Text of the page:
Divide chopped romaine between two plates, then top with tomatoes, bacon, and avocado. Scatter croutons over the top. Serve immediately with basil-mayo dressing.

Sunday, May 18, 2008

Teeny Tiny Peanut-Butter-Cup Cheesecakes

Not too long ago, I saw Paula Deen make Peanut Butter Cheese Cake Minis. Has anyone seen this episode? Watching the show, I swear it looked like Paula used a mini-muffin pan, but the recipe calls for a standard-sized muffin pan. I was intent on trying to use the mini-sized tin, but my plans were on hold until I found some mini-muffin paper liners.

Finally, last weekend, at the farmer’s market, of all places, I found some mini-muffin-pan liners. I also found something else: teeny tiny peanut butter cups. Now, we’ve all seen the miniature Reese’s peanut butter cups, but these teeny tiny ones are even smaller than those. Observe:

That’s a miniature peanut butter cup with a teeny tiny one sitting on top. See how much smaller they are? I picked some up, thinking they might come in handy.

My initial plan was to use the miniature peanut butter cups and the mini muffin pan. The miniature PB cups do fit in the mini muffin pan; however, I found that my paper liners were a bit smaller than the cups of the pan, and that the PB cups were a tad large for the liners. I didn’t trust the recipe to work well without using the liners—I thought it would be too hard to get the cheesecakes out in one piece—so what I decided to do, finally, was use the mini-muffin pan, the paper liners, and the teeny tiny peanut butter cups.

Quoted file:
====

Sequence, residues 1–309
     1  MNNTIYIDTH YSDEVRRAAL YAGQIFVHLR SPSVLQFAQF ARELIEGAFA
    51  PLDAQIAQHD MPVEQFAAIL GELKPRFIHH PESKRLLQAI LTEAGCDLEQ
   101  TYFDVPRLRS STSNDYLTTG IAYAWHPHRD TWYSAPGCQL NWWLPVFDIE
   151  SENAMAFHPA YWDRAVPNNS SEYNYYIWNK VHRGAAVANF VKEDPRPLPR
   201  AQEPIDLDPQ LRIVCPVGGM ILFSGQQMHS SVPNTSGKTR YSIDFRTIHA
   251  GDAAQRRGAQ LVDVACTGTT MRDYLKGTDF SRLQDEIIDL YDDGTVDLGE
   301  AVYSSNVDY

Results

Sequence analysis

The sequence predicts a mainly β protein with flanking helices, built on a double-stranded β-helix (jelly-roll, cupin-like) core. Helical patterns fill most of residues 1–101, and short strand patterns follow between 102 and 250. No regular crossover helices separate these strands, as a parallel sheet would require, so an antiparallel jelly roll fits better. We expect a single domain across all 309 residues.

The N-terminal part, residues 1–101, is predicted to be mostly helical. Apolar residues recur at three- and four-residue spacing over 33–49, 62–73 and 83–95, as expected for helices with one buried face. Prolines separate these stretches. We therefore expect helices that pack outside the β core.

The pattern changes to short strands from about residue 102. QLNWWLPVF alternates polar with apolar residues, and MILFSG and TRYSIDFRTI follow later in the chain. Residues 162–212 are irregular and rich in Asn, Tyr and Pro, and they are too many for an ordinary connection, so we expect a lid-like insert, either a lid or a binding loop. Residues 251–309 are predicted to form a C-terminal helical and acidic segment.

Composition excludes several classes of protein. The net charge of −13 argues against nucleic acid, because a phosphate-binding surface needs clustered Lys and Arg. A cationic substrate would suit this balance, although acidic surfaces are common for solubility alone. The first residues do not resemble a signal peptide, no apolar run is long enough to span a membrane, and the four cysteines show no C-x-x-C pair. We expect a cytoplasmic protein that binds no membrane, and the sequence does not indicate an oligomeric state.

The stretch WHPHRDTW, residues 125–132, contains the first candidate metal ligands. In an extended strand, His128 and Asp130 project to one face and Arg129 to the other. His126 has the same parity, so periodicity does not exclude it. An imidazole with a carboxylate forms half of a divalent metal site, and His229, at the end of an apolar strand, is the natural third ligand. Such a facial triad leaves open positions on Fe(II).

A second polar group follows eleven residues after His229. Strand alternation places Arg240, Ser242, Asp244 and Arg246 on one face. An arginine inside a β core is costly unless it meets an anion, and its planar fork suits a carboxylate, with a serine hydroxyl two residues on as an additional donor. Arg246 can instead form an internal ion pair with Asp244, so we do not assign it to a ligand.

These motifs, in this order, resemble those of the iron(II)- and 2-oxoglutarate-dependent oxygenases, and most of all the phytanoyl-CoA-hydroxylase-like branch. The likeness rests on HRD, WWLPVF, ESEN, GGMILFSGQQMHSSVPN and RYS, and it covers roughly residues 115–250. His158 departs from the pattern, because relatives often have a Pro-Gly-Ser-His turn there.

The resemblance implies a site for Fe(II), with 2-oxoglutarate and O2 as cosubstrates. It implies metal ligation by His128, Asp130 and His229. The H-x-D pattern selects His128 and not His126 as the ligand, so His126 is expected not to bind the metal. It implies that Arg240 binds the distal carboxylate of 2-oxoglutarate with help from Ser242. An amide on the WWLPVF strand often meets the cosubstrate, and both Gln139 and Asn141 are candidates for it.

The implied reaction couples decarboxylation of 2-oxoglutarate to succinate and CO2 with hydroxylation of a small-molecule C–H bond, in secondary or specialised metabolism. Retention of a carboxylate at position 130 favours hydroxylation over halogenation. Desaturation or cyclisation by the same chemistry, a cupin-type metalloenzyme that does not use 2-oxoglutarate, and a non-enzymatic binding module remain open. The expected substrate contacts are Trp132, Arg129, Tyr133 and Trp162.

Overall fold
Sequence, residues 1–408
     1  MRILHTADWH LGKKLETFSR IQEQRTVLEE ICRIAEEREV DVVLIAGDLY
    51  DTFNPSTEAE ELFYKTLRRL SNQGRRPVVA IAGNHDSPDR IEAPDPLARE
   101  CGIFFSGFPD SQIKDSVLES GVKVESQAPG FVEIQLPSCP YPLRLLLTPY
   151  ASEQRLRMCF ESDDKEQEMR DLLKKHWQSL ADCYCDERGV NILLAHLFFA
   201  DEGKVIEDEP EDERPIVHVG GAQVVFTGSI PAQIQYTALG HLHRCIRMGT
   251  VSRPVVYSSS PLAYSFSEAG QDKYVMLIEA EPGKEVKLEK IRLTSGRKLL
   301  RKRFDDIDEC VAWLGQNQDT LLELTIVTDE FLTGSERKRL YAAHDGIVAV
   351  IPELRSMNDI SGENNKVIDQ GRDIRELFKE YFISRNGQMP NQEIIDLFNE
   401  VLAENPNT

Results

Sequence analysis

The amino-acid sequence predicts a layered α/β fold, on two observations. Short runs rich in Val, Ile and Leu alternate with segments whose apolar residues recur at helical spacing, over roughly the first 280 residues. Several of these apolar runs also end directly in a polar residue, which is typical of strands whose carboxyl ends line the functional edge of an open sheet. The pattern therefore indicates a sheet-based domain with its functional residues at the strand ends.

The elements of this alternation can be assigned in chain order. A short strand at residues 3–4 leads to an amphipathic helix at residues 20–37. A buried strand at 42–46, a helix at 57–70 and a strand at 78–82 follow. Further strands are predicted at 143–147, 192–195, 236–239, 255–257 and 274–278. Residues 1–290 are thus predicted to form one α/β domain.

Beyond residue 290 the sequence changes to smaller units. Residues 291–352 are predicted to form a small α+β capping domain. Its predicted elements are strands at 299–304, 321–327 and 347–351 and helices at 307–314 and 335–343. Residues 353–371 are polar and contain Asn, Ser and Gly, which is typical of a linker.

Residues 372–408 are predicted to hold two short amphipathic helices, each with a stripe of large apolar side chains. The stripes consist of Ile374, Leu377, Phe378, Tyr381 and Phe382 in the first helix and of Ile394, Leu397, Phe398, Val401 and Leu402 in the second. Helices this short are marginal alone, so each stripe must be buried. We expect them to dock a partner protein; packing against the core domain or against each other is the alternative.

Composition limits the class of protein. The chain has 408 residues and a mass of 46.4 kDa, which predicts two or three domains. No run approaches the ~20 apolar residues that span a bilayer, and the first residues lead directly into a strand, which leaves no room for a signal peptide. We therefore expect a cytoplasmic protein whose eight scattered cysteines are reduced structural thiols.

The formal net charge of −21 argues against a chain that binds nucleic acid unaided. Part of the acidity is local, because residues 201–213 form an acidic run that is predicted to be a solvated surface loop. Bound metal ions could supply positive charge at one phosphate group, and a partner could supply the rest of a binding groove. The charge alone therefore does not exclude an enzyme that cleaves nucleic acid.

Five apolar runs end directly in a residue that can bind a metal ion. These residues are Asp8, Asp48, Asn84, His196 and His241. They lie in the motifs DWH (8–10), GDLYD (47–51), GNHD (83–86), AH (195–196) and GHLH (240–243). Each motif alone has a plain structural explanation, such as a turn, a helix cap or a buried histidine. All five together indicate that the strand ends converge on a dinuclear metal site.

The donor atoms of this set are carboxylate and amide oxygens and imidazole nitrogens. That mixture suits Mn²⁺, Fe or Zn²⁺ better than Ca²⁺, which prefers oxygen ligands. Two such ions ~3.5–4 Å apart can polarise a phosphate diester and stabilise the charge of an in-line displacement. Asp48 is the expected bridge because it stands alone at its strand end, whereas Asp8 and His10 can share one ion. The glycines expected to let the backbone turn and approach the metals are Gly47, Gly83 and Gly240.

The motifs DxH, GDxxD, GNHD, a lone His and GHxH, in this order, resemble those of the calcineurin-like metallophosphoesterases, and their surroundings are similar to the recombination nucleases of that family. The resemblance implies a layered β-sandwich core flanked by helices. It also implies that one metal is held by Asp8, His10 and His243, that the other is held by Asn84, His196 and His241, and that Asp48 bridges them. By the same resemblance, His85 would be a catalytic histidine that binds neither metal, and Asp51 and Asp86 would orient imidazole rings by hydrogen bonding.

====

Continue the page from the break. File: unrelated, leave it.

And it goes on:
This method worked out well. I got cute little bite-sized cheesecakes with a chocolate-peanut-butter surprise inside. I will say though that, because these peanut butter cups were so tiny, their flavor was very subtle, so you could use two or three per cup if you want a stronger chocolate-peanut-butter flavor.

I made 24 of these tiny cheesecakes and still had some batter left over, so I decide to make some more in the standard-muffin size. Instead of using a muffin tin, though, I used silicone baking cups from Crate and Barrel. These are great because they don’t need to be greased and, when the cheesecakes are done baking, you can leave them right in the silicone cups for as long as you want, and they keep things nice and tidy. Plus, of course, they’re reusable.

The taste? Pretty sweet and pretty good. Plus, you could change this up a million ways. I’m thinking this recipe would work well using Oreos for the crust instead of graham crackers and a Hershey kiss in the center instead of a peanut butter cup. Yum! If you come up with any other tasty combinations, let me know.

Teeny Tiny Peanut-Butter-Cup Cheesecakes
Adapted from Peanut Butter Cheese Cake Minis
Makes 36 tiny cheesecakes (cooked in a mini-muffin pan)

1 cup graham cracker crumbs
3 tablespoons sugar
1/4 cup (1/2 stick) butter, melted

36 teeny tiny peanut-butter cups*